In the mathematical field of representation theory a real representation is usually a representation on a real vector space U, but it can also mean a representation on a complex vector space V with an invariant real structure, i.e., an antilinear equivariant map
The two viewpoints are equivalent because if U is a real vector space acted on by a group G (say), then V = U⊗C is a representation on a complex vector space with an antilinear equivariant map given by complex conjugation. Conversely, if V is such a complex representation, then U can be recovered as the fixed point set of j (the eigenspace with eigenvalue 1).
In physics, where representations are often viewed concretely in terms of matrices, a real representation is one in which the entries of the matrices representing the group elements are real numbers. These matrices can act either on real or complex column vectors.
A real representation on a complex vector space is isomorphic to its complex conjugate representation, but the converse is not true: a representation which is isomorphic to its complex conjugate but which is not real is called a pseudoreal representation. An irreducible pseudoreal representation V is necessarily a quaternionic representation: it admits an invariant quaternionic structure, i.e., an antilinear equivariant map
A direct sum of real and quaternionic representations is neither real nor quaternionic in general.
A representation on a complex vector space can also be isomorphic to the dual representation of its complex conjugate. This happens precisely when the representation admits a nondegenerate invariant sesquilinear form, e.g. a hermitian form. Such representations are sometimes said to be complex or (pseudo-)hermitian.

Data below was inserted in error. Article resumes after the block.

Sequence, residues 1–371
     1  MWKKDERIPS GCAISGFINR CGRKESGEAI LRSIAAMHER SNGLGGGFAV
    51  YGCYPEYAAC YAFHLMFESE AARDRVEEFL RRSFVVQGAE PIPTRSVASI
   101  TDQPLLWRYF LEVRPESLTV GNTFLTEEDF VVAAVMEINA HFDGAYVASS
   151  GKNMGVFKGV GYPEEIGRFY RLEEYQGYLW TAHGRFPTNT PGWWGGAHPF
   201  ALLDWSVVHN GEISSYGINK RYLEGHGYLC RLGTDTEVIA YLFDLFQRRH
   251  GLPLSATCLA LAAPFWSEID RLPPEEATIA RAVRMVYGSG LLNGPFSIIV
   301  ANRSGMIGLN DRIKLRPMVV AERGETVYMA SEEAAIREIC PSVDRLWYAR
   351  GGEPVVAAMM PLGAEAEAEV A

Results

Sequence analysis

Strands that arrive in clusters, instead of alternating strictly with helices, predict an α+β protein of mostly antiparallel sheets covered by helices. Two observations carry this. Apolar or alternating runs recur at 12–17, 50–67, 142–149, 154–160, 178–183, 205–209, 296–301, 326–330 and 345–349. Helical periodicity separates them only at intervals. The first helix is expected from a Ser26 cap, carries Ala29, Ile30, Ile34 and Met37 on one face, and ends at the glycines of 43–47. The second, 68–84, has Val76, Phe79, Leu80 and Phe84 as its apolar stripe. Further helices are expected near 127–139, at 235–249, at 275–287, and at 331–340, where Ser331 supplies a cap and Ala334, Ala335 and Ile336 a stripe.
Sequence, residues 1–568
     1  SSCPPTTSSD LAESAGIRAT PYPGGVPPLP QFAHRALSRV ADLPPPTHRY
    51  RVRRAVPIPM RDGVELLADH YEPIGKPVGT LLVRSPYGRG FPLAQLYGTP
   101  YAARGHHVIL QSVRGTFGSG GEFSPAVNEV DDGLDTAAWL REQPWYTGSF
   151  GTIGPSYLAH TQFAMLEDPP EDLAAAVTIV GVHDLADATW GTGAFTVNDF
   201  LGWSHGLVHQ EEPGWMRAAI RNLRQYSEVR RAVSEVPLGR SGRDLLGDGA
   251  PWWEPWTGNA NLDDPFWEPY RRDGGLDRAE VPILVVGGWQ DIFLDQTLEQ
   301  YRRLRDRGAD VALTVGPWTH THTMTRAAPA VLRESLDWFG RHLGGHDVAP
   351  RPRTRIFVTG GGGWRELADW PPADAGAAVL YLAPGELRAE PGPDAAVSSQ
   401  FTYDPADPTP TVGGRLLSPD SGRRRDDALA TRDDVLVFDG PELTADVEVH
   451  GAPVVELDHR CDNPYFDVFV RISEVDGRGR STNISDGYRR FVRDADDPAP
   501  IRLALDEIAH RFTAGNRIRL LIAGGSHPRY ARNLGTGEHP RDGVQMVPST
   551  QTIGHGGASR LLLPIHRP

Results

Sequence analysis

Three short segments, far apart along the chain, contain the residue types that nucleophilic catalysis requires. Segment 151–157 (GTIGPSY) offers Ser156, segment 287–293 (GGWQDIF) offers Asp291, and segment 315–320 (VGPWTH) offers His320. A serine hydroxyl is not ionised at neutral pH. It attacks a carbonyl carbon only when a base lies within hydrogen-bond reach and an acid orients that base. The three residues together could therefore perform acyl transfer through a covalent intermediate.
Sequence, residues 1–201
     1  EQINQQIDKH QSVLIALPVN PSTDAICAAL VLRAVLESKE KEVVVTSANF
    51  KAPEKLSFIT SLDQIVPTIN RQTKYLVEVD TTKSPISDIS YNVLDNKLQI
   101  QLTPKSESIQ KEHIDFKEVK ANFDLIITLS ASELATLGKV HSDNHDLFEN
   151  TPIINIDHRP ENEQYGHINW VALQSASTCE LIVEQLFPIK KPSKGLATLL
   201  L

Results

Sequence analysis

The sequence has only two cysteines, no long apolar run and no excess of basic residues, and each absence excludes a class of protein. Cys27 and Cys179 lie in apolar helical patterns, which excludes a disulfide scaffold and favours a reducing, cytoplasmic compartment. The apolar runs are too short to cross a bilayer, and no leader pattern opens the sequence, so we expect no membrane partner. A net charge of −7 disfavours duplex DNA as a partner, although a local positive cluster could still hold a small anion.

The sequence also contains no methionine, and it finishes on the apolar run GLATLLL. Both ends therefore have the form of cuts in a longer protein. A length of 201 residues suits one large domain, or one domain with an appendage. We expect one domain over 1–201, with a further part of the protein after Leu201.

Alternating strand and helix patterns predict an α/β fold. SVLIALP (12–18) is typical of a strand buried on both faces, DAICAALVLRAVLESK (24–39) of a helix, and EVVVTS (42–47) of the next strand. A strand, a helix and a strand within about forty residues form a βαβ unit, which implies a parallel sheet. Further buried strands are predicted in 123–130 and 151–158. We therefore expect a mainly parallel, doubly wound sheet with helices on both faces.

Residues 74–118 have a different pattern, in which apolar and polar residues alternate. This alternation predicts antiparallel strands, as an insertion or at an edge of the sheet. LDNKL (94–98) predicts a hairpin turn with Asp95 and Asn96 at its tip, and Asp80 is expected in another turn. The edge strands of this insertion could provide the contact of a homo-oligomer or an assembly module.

where χ is the character of the representation and μ is the Haar measure with μ(G) = 1. For a finite group, this is given by
The indicator may take the values 1, 0 or −1. If the indicator is 1, then the representation is real. If the indicator is zero, the representation is complex (hermitian), and if the indicator is −1, the representation is quaternionic.
Further examples of real representations are the spinor representations of the spin groups in 8k−1, 8k, and 1 + 8k dimensions for k = 1, 2, 3 ... . This periodicity modulo 8 is known in mathematics not only in the theory of Clifford algebras, but also in algebraic topology, in KO-theory; see spin representation.
- Any complex representation V of a compact group has an invariant hermitian form, so the significance of zero indicator is that there is no invariant nondegenerate complex bilinear form on V.
- Fulton, William; Harris, Joe (1991). Representation theory. A first course. Graduate Texts in Mathematics, Readings in Mathematics. 129. New York: Springer-Verlag. ISBN 978-0-387-97495-8. MR1153249..
- Serre, Jean-Pierre (1977), Linear Representations of Finite Groups, Springer-Verlag, ISBN 0-387-90190-6.